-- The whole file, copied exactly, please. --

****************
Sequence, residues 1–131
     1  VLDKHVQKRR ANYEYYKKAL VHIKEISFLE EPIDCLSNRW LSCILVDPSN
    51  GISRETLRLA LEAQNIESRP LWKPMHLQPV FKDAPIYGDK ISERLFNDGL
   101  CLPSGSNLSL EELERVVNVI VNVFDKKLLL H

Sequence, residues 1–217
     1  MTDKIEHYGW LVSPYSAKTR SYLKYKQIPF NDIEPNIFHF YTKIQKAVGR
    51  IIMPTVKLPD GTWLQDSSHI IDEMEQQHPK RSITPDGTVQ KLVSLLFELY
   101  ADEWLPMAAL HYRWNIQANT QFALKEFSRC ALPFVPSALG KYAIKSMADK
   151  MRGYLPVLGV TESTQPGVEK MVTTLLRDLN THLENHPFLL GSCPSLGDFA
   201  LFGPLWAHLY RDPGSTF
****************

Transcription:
Sequence, residues 1–131
     1  VLDKHVQKRR ANYEYYKKAL VHIKEISFLE EPIDCLSNRW LSCILVDPSN
    51  GISRETLRLA LEAQNIESRP LWKPMHLQPV FKDAPIYGDK ISERLFNDGL
   101  CLPSGSNLSL EELERVVNVI VNVFDKKLLL H

Sequence, residues 1–217
     1  MTDKIEHYGW LVSPYSAKTR SYLKYKQIPF NDIEPNIFHF YTKIQKAVGR
    51  IIMPTVKLPD GTWLQDSSHI IDEMEQQHPK RSITPDGTVQ KLVSLLFELY
   101  ADEWLPMAAL HYRWNIQANT QFALKEFSRC ALPFVPSALG KYAIKSMADK
   151  MRGYLPVLGV TESTQPGVEK MVTTLLRDLN THLENHPFLL GSCPSLGDFA
   201  LFGPLWAHLY RDPGSTF